In a letter sent last week to Charles Rettig, the head of the Internal Revenue Service, Grassley homed in on tax-exempt hospitals’ debt-collection practices—particularly for poor patients who might qualify for financial help—and asked how many not-for-profits aren’t publicizing their financial assistance policies widely enough for the poor patients to know they can get assistance.
He also expressed concern about the trend—which the IRS reported to Congress last May—of mounting unreimbursed Medicaid costs as charity care expenses decline. According to the agency, Medicaid expenses grew 20.6% from 2011 through 2014, while hospital charity care decreased by 16.5% in the same time frame.
The letter heralded a warning note about harsh billing practices—just as congressional lawmakers work on a policy to end surprise medical billing. The senator suggested he will leverage his Finance Committee chairmanship to make sure hospitals are playing fair.
“Making sure that tax-exempt hospitals abide by their community benefit standards is a very important issue for me,” Grassley wrote. “As chairman of the Senate Judiciary Committee, I oversaw an investigation into the billing practices of the Mosaic Life Care hospital. That investigation resulted in debt relief of almost $17 million for thousands of low-income patients. This issue is still just as important to me now that I am chairman of the Senate Finance Committee.”
Grassley conducted an investigation into that Missouri provider after a 2014 report by National Public Radio and ProPublica found the hospital had garnished patients’ wages in their effort to recover debt.
Even before he assumed the top post with the Finance Committee, Grassley last year maintained a stream of correspondence with IRS officials hammering the same issue.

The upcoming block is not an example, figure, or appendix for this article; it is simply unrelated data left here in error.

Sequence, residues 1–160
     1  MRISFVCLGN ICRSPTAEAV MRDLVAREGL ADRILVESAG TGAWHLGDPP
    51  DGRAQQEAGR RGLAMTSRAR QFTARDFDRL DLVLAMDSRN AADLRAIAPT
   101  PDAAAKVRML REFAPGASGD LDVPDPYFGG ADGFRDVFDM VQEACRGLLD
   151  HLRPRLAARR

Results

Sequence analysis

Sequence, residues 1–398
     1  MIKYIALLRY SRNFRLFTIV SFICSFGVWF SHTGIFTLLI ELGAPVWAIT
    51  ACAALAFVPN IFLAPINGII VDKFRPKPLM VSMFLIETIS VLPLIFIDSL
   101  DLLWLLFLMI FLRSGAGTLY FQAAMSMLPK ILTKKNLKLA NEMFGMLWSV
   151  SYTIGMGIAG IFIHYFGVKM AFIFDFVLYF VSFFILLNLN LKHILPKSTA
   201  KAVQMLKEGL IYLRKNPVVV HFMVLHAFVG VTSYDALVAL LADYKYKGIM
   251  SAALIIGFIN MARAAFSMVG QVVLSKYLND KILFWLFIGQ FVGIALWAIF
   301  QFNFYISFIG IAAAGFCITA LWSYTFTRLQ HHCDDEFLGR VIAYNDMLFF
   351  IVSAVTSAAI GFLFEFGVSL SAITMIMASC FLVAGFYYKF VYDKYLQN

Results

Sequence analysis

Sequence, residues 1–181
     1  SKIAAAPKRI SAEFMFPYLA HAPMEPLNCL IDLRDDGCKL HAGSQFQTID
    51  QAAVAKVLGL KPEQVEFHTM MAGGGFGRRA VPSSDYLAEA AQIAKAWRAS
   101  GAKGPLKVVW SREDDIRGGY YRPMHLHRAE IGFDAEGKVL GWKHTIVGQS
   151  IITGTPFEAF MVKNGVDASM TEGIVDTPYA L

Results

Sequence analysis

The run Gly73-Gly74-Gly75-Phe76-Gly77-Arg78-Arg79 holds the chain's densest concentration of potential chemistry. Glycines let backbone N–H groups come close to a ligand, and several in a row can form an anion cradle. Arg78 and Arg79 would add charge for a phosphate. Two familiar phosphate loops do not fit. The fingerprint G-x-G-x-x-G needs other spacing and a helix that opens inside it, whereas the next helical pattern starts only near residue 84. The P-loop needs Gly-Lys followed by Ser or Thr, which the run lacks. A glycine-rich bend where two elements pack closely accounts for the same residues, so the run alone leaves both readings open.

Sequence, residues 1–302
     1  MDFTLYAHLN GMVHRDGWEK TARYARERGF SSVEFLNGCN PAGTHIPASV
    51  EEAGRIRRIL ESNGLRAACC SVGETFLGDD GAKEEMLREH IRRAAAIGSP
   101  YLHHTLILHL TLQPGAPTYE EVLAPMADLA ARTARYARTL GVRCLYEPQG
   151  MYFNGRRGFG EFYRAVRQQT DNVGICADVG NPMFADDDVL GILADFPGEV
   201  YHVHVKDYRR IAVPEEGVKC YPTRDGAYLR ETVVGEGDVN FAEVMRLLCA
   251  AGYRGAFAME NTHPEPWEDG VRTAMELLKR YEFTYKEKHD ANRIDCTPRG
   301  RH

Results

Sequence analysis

He also probed Michael Desmond, now chief counsel for the IRS, on the issue during Desmond’s Senate confirmation hearing.
As Finance chair, Grassley has now designated several staff members to receive briefings on the agency’s findings. In last week’s letter, he tasked the IRS with a report to the committee by April 1 on the full scope and findings of the tax-exempt hospital audits.
The probe is part of a broader oversight effort on hospitals. Earlier this month, Grassley told reporters he plans to include providers in his watchdog agenda, following his efforts with drugmakers to bring transparency to their prices.
His hospital plan “would still involve the same transparency” he wants to bring to manufacturers, he said. To start, he wants to make sure hospitals are complying with the Trump administration’s new requirement for providers to publish their chargemaster prices.
“We already have rules in place starting right now this year, where they got to put their prices out there, so one of our oversight responsibilities will be to police that they’re doing it right,” Grassley said.
Modern Healthcare’s analysis of community benefit spending in one state, Illinois, showed around 9.1% of the hospitals’ total expenses were dedicated to community benefit programs in 2013, compared with 8.2% in 2016, though not all hospitals had reported for 2016 at the time of the analysis. Percentages for individual hospitals ranged from 0% to 28.6%. The Medicaid shortfall, or the gap between Medicaid payments and the hospital’s estimated cost for those services typically calculated by its cost-to-charge ratio, increased from 31.4% of a hospital’s total community benefit spending in 2013 to 41.1% in 2016. Charity care, or free or subsidized services provided for the uninsured or under-insured, fell from 29.7% of overall community benefit calculations in 2013 to 17.7% in 2016.